BBC Radio 4, 27 November 2010
When Pinter began his career as a dramatist in the late 1950s, his plays
were reviled by critics: The Birthday Party came and went in London after the briefest of runs. Now they are recognized
as acknowledged classics of modern British drama: the adjective 'Pinteresque' is characteristic of a particular style of communication,
while the pause has become as important as dialogue in terms of dramaturgy.
In reviving Pinter's best-known play, the main challenge facing director Peter Kavanagh
was to free it from its familiar associations and approach it afresh. To achieve this, he treated it like a symphony in three
movements. The first movement began slowly, with the protagonists Davies (David Warner), Aston (Tony Bell) and Mick (Daniel
Mays) verbally testing one another out, to see if they could get along. Their range of conversational subjects varied widely,
encompassing directions round London's 'A' and 'B'-roads, Davies' proposed journey to Sidcup, and Mick's wanting to erect
a shed. However what they said was less important than what was left unsaid: beneath the banalities lurked an atmosphere
of mistrust, which could never be brought to the surface, as none of the characters wanted to appear weak. The dialogue assumed
a brittle, quasi-Wildean quality, with the protagonists concealing their insecurities beneath a facade of talk.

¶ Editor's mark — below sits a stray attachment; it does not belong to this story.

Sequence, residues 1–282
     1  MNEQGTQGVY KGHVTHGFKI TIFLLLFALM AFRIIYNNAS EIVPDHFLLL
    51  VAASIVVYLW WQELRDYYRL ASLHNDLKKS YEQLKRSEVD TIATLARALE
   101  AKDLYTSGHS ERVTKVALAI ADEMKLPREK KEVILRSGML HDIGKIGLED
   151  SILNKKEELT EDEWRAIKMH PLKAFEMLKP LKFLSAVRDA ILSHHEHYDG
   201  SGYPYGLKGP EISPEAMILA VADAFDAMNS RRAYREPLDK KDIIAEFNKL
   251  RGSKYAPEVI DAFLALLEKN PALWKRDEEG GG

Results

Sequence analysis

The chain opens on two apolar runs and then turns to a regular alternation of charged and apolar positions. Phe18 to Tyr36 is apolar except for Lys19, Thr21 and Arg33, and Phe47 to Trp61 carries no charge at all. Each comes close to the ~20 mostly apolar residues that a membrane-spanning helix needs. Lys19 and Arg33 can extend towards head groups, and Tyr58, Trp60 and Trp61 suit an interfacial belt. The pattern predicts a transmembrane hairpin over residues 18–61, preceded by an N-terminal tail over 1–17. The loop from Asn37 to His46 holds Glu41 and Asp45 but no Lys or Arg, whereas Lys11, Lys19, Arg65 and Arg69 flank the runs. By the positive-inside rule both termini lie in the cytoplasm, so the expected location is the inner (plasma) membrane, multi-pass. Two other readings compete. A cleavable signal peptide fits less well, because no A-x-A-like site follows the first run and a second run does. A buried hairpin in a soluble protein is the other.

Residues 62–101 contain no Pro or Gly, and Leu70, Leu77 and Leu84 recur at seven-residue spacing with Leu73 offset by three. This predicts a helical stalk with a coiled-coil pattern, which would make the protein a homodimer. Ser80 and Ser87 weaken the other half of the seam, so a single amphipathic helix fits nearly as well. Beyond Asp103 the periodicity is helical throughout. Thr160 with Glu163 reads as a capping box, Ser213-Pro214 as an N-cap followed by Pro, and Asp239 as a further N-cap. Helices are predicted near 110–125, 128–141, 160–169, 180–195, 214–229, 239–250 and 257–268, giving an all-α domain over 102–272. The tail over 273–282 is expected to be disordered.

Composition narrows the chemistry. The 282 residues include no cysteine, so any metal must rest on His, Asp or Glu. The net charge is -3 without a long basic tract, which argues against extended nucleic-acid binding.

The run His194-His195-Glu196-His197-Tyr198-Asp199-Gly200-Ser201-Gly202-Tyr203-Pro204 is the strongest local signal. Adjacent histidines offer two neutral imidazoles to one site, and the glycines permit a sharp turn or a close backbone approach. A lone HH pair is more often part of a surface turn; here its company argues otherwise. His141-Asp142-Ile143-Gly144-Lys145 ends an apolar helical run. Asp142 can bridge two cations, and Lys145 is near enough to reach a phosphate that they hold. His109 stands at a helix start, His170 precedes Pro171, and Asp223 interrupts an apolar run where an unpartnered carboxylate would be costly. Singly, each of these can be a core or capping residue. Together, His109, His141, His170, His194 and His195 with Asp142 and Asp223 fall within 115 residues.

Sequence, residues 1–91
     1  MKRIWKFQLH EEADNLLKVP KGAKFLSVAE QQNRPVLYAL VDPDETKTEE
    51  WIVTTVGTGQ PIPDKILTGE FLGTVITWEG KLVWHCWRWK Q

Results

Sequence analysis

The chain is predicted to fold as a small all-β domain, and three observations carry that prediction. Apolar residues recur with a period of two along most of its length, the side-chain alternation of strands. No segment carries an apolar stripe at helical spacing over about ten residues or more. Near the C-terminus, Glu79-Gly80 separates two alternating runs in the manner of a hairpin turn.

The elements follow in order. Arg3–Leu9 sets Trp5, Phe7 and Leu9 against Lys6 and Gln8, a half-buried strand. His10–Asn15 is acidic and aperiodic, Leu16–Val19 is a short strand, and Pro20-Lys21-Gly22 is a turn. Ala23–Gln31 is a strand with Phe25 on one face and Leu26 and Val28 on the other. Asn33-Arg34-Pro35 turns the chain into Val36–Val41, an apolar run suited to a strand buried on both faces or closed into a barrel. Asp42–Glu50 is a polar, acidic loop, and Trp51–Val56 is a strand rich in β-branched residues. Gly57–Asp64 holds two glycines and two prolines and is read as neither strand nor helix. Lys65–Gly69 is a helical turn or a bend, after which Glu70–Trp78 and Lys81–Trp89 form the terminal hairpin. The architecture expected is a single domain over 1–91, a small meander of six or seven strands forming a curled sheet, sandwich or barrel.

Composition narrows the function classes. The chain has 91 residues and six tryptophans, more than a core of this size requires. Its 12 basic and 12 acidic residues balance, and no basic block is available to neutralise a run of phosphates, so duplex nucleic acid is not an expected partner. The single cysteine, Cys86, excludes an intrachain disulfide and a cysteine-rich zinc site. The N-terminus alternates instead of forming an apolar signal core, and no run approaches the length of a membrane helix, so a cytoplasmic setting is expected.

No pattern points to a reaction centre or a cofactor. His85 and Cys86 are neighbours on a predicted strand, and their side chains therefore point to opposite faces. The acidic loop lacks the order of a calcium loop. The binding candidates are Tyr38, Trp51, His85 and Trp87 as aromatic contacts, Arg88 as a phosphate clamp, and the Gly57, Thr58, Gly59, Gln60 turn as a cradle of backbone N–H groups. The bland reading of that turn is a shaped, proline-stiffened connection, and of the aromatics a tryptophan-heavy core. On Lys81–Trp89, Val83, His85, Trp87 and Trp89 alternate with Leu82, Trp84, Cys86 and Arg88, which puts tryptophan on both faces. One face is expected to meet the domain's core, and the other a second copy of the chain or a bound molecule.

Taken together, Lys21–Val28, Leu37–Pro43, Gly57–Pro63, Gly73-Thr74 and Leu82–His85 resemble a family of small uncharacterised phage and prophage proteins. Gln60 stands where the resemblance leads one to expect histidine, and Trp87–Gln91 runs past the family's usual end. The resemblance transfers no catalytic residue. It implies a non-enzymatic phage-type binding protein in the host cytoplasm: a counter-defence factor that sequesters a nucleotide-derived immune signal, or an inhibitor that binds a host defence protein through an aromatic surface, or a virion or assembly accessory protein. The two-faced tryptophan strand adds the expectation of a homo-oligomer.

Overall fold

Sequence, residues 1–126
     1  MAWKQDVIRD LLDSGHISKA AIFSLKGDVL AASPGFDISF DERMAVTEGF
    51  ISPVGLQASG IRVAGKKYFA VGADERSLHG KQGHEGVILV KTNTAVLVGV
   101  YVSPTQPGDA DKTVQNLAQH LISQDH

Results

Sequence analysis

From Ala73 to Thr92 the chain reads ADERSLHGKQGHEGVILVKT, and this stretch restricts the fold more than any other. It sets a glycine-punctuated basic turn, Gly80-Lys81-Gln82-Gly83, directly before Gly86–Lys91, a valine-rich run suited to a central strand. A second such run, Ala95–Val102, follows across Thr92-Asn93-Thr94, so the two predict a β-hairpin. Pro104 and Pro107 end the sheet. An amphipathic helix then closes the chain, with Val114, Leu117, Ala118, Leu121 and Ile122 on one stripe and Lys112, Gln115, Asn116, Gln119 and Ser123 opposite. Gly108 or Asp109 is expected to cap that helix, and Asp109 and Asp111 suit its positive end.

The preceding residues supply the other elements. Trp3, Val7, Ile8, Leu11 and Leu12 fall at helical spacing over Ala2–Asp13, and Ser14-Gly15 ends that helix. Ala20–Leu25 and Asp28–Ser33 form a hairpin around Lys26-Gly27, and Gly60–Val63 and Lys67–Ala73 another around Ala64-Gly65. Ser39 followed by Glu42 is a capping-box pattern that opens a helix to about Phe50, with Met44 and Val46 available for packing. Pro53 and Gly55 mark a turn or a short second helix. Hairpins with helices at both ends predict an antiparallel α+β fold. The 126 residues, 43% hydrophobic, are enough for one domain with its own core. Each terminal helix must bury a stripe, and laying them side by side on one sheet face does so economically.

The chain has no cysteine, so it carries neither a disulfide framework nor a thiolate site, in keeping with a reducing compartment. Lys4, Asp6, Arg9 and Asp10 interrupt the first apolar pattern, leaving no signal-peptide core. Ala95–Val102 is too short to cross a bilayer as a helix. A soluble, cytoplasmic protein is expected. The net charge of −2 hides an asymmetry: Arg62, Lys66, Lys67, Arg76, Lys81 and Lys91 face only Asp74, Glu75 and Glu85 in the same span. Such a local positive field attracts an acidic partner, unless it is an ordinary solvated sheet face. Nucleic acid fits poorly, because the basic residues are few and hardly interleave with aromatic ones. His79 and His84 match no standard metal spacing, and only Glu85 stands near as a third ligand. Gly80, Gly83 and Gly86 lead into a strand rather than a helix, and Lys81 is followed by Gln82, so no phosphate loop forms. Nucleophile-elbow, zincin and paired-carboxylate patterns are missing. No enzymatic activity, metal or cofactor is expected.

In the second movement the mood changed; the protagonists talked more rapidly to
one another as they became more comfortable in one another's company. For a while it seemed as if they would actually get
along. Davies was offered the post of caretaker, while each new day brought the prospect of the shed being built ever nearer.
However this ostensibly serene atmosphere was continually broken as Davies tried to play one brother off against another.
In Warner's performance he turned out to be a ruthless manipulator - trying to be all things to all people in the hope of
achieving personal self-advancement. Matters came to a head in a climax dominated by verbal repetitions, as the brothers ordered
Davies to leave on the grounds that he stank. This might or might not have been true: what mattered most was that Davies had
paid the price for taking advantage of them.
The production's final movement resembled an epiphany: Aston and Mick at last addressed
one another as brothers, rather than rivals, while Davies' voice changed. Now he sounded plaintive, like a beggar asking passers-by
for change. However the damage had been done: the production ended with Davies being reduced to incoherence, as he understood
that his time was up and he had to leave.
By means of this tripartite structure, Kavanagh made The Caretaker seem
less like a "comedy of menace," or an "absurd drama" (two phrases commonly used by critics to describe the play), and more
a drama of human relationships, with three men trying and failing to co-exist in a confined space. There were no winners nor
losers; rather the characters remained locked in their prison-houses of language, rendering them unable to communicate with
one another. The only way they could 'communicate' was through manipulation, which was in itself concrete proof of their inability
to form lasting relationships.
I found this production spellbinding, not only in its approach to characterization,
but in the way it revealed Pinter's remarkable ear for modern speech-rhythms, with verbal cuts and thrusts followed by lengthy
pauses as the characters tried desperately to sustain the conversation.